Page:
The Dickinson English department does more than just teach important skills. Along with Career Center advisors, English department advisors work specifically with students to plan intelligently for a career from early in your college progress. Faculty in our department get to know students, so that they can write an effective recommendation letter for that job, graduate school placement, fellowship, etc. The close faculty-student ties in the English department are a major advantage during your job search.

    English department events will also help you to research career possibilities and develop career skills. The Cogan Fellowship brings a recent English major alumnus/a back to campus every year specifically to talk about his/her career path. That talk is a great chance to figure out your own options. Other talks and presentations provide good chances to meet people, ask questions, practice networking, and discover options.

    Finally, as you're thinking about your future, remind your parents and yourself that you will be happier—and work harder, and get better grades, and learn more—if you're engaged in coursework that's genuinely interesting to you. College should prepare you for employment, but life beyond college consists of more than work. Your college major should speak to big questions as well as provide specific skills. Your studies should nourish wide-ranging interests as well as further marketable qualifications.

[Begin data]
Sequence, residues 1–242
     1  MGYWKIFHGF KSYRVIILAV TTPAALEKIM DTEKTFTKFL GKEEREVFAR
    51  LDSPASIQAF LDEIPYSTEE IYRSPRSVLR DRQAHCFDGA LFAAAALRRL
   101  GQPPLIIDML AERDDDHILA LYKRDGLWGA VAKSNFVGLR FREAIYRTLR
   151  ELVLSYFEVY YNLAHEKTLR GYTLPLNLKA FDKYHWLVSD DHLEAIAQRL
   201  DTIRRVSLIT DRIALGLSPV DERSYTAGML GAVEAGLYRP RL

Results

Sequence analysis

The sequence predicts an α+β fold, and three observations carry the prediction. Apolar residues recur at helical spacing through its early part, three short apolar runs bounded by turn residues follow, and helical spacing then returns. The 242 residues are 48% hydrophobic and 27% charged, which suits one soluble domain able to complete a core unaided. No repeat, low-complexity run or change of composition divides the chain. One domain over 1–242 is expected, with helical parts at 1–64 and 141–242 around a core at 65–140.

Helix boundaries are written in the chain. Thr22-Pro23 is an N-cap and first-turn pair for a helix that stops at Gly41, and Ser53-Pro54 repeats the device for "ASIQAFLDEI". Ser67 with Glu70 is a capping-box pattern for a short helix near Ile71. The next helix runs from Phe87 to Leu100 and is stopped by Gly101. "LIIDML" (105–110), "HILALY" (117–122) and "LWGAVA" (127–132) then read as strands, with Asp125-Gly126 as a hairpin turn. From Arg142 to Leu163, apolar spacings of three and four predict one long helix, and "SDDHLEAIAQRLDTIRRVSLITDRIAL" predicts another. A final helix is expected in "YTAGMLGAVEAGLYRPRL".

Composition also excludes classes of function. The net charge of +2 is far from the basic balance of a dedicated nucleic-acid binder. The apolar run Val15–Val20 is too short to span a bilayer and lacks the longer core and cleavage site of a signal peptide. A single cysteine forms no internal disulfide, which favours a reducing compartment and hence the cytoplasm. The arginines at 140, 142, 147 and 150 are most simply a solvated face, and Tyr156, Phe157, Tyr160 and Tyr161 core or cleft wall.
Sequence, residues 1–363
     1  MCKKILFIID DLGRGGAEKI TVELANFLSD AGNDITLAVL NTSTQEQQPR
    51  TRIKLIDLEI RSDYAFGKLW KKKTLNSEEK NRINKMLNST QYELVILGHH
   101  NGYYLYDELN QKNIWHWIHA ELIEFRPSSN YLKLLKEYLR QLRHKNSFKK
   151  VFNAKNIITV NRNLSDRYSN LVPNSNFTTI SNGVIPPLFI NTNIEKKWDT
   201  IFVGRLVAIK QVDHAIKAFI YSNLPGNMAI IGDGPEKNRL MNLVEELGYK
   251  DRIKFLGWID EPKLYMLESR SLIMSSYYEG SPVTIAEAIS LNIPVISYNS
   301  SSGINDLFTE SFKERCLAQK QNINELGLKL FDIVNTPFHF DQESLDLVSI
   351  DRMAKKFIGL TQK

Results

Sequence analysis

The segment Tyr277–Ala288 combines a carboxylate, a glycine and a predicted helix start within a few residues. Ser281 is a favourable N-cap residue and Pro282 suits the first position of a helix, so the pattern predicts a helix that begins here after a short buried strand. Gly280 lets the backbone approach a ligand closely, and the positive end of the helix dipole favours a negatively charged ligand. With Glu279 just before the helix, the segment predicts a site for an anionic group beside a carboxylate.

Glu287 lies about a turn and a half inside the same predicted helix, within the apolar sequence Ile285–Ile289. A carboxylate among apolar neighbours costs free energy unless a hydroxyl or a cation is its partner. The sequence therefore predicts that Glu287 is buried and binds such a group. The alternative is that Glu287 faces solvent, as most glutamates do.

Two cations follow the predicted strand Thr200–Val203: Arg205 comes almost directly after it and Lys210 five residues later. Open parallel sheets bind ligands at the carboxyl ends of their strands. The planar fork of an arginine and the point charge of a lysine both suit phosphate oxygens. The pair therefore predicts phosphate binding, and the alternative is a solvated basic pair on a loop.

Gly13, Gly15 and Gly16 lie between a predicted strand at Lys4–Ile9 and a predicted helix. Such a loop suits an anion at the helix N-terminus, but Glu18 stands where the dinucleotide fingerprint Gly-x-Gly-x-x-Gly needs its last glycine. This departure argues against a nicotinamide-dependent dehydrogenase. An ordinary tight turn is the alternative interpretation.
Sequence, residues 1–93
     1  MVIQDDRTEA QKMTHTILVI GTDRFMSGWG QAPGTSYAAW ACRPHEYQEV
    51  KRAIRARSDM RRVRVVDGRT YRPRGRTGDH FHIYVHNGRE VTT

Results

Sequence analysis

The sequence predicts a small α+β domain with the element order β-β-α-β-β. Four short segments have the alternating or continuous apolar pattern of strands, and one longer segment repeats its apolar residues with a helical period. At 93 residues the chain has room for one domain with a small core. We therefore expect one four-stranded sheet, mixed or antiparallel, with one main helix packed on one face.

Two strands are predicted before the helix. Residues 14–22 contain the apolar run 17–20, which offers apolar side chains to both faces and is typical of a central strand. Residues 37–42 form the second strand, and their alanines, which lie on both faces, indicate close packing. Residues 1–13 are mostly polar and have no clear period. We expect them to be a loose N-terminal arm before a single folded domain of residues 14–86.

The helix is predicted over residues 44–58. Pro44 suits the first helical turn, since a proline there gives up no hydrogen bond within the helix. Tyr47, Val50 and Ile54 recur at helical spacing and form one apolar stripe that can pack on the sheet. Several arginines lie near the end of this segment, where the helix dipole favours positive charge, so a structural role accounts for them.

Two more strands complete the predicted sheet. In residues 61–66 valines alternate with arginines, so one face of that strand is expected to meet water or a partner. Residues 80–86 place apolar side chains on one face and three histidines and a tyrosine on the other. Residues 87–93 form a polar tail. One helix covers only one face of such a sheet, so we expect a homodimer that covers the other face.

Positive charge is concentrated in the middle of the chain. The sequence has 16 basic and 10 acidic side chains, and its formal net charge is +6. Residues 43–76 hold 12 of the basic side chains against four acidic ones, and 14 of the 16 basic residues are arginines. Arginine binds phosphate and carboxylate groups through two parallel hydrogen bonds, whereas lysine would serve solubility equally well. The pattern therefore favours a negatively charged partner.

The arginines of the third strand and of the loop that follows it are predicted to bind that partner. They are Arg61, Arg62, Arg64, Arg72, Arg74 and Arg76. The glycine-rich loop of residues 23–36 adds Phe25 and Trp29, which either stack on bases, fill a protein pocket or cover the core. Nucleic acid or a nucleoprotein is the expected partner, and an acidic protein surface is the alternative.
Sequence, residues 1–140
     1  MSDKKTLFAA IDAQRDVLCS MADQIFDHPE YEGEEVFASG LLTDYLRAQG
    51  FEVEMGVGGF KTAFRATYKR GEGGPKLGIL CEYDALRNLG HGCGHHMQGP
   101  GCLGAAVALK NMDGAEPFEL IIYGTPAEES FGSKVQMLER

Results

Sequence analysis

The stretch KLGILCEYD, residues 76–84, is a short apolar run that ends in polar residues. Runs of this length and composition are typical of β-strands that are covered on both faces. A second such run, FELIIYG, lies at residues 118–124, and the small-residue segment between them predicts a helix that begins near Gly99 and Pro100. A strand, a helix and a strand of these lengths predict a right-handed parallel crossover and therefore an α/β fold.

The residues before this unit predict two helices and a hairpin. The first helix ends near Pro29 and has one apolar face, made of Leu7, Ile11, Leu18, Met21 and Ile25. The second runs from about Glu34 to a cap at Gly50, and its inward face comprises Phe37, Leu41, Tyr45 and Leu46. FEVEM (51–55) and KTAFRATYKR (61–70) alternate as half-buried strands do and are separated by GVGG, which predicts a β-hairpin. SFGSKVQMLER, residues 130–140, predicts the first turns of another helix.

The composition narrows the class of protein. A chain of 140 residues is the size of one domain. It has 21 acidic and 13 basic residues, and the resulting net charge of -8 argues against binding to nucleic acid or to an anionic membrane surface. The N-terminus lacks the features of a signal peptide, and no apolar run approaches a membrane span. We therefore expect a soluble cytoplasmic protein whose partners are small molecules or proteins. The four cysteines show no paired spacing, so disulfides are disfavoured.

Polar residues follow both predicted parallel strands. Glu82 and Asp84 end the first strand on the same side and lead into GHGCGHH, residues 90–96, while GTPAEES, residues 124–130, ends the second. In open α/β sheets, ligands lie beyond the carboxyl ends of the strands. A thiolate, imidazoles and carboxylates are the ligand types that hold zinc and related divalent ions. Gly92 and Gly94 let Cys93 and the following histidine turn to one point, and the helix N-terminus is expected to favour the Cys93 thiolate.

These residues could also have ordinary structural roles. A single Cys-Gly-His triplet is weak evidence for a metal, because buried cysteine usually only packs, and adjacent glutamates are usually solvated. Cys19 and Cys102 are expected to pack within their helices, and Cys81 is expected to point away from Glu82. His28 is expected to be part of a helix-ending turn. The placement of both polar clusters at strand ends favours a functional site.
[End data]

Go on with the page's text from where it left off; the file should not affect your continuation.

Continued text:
• I'm starting to think about my life after Dickinson. What kind of jobs can I get after majoring in English? How can I start getting ready for employment?

    You can pursue many, many different jobs with an English major. That variety can be daunting as well as liberating. Don't worry! Start early in your college career, thinking about what you enjoy. Talk over options with your departmental advisor and with advisors in the Career Center. Think about coursework that will help you to decide on a career as well as summer jobs or internships that will build skills and test your interest in particular fields. Speak with alumni to discover options and decide what experience you will need. Your department advisor may be able to put you in touch with an English major alumnus/a who is working a field that you're thinking about.